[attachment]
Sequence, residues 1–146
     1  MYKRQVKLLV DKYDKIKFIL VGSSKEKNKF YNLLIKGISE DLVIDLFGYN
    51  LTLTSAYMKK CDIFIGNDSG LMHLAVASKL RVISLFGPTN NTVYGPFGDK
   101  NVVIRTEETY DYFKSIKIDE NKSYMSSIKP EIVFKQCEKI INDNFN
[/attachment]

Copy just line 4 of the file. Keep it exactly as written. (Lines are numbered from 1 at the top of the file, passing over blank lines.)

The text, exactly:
   101  NVVIRTEETY DYFKSIKIDE NKSYMSSIKP EIVFKQCEKI INDNFN